Today I shall share with you, dearest dukes and duchesses, what I believe are some over-used phrases that I see in writing. And by over-used, I mean I saw them often enough to actually make a list and blog about why they irritate me.
Describing something as razor sharp. The most common I see is “Razor sharp teeth,” “razor sharp claws,” or a sword/knife that’s been hones to a razor’s edge. This is lazy description to me. Whenever I see this, I feel the writer doesn’t really know what they’re actually suggesting. Fangs are technically not sharp, they’re really pointy. And a shark’s tooth is sharp as hell, but also serrated to tear through things. Have you looked at one recently?
Same with claws and talons. Claws are tough, but not sharp – they’re pointy, there’s a difference – and often claws serve a multi-function – climbing, digging, etc. A razor’s edge by definition is very thin, and by extension, frail. Something as useful as a claw or as brittle as a tooth (no big cat uses its long fangs to attack, only to kill subdued prey) would actually be rendered fragile were it to have an edge. The same thing applies to weaponry. Ever hold a razor? Ever try swinging it, let alone hitting something? Without the aid of fantastical elements, which is fine, claws-teeth-metal blades would dent, bend, break if they actually had an edge as thin as a razor.
Be more imaginative.
The smell of fear / the smell of death. Look I’m all about describing the senses, not least of which is smell, but I hate this. When a writer uses this, it implies two things: 1) the readers know what death/fear smells like so it does not need further description and 2) the writer can’t think of anything better to write. Cheap cop-out in my opinion. What does death and fear smell like? At least try to describe what these abstract concepts are like when they reach our noses, or at least explain what it is that’s evoking the sense. Is akin to rot? Ash? Cigarette smoke
In any way, shape or form. Similar to above. Overused and usually not used properly. Thankfully it’s a modern phrase (and if you like to read, chances are you recognize how modern speech sorta spits on the rules of the language), and does not usually appear in fantasy writing.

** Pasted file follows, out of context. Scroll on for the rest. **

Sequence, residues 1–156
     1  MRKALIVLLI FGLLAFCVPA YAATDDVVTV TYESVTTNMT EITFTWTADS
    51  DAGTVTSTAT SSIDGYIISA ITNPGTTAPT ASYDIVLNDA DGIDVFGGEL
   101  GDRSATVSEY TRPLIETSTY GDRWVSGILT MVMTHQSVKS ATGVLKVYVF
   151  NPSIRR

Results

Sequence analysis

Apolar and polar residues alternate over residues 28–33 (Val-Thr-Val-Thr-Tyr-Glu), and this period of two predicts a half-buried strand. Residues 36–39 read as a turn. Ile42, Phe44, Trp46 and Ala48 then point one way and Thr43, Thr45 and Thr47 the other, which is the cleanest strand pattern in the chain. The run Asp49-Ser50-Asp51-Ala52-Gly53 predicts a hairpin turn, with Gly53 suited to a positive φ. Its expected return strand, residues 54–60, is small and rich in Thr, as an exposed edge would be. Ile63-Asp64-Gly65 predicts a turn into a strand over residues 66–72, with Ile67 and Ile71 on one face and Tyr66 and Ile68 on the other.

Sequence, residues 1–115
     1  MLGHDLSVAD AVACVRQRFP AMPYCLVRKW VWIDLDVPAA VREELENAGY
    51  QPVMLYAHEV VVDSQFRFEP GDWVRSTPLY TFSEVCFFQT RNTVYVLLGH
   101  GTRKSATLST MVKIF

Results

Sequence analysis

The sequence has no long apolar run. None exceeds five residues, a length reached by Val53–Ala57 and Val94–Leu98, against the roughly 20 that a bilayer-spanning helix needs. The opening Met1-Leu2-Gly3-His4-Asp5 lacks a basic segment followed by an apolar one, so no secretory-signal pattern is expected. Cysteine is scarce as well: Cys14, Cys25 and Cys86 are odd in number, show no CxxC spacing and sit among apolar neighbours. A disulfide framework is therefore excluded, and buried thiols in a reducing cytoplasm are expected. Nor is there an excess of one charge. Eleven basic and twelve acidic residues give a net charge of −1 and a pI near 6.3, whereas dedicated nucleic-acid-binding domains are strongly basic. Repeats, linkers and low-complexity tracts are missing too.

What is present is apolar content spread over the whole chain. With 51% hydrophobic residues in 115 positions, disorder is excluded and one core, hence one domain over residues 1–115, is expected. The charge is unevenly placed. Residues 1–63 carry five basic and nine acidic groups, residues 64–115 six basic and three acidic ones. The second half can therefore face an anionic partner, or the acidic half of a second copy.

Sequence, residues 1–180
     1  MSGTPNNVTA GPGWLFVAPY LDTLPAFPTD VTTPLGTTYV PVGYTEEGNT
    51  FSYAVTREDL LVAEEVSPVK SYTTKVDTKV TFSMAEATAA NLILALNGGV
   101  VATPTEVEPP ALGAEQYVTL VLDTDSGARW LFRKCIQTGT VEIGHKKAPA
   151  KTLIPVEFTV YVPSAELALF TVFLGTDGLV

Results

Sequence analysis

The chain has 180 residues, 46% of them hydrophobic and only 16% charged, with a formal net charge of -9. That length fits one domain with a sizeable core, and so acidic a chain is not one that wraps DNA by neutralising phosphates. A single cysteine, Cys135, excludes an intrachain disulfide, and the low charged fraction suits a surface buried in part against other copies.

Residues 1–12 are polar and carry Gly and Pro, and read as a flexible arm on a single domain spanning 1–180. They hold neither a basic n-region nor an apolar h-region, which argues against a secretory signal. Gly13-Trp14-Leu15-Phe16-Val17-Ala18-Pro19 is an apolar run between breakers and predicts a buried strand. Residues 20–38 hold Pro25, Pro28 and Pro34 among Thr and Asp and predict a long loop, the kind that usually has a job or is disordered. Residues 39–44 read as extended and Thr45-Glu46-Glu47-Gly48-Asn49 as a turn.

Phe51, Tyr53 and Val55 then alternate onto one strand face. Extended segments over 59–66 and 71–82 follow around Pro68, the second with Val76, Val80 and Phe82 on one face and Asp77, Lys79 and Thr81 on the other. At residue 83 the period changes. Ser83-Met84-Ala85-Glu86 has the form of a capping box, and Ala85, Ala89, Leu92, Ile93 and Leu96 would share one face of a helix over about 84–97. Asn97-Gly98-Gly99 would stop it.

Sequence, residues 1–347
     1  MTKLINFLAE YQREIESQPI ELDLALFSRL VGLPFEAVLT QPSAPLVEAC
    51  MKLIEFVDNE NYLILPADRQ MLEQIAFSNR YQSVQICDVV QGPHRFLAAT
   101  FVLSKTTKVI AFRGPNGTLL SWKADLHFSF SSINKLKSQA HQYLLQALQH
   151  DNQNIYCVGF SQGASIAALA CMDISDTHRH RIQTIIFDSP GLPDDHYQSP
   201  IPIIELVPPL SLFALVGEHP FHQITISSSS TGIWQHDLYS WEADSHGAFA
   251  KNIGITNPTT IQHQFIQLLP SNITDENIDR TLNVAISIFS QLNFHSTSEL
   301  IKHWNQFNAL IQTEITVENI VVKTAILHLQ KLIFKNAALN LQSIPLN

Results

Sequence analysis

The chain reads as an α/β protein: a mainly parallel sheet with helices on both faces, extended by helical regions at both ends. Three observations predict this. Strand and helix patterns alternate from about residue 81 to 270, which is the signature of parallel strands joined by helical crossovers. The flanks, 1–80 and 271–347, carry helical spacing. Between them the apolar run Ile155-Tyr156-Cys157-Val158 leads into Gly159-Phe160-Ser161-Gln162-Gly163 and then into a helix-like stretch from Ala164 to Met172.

Nothing more, and nothing less. I don’t really have a critique about this except that I think it’s overused. Gets the point across, but usually when people say (or write) this, it’s an exaggeration. Whenever it’s spoken by a character/live person, it translates in my head as “I’m so sure of myself that I can’t even imagine the possibility of something different.”
[More/worse/ect.] than you possibly imagine. I find this phrase insulting. Writing or saying this to someone suggests they have a weak imagination, and where I come from them’s fightin’ words. It’s even worse when a 1st Person Narrative actually directs it toward the reader. Another cheap cop-out, which brings us to the next and final phrase of the day…
It defies description. Or worse: it can’t be described. Well, isn’t that your job? You’re a writer. Describe it. Otherwise, you as the storyteller or the character are/is being lazy. Maybe that’s part of the theme – a character (narrator or otherwise) who for plot reasons actually is incapable of describing something – being terrified, for instance – but don’t be all like “I’d love to tell you but words fail me.” Words didn’t fail you. You failed the words.
How about you, dearest readers? Are there phrases that you see again and again that irritate you? Or do you disagree with what I have opined here?
/end rant. Subsequent posts will be more positive, I promise.